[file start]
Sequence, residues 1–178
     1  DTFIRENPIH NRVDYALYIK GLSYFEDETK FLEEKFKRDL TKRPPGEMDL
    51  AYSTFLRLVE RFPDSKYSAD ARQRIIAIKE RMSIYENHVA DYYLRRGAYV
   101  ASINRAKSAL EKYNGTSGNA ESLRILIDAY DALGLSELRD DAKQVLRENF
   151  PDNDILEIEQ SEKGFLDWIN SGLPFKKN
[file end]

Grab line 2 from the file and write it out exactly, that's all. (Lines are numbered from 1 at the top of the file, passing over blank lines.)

     1  DTFIRENPIH NRVDYALYIK GLSYFEDETK FLEEKFKRDL TKRPPGEMDL